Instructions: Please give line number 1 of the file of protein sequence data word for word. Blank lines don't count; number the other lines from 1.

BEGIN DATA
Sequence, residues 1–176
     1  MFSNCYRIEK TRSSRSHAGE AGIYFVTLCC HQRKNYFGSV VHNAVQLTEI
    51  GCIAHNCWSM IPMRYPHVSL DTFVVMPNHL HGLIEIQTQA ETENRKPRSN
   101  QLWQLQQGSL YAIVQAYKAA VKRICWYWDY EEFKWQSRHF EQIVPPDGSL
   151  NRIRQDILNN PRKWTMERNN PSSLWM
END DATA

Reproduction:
Sequence, residues 1–176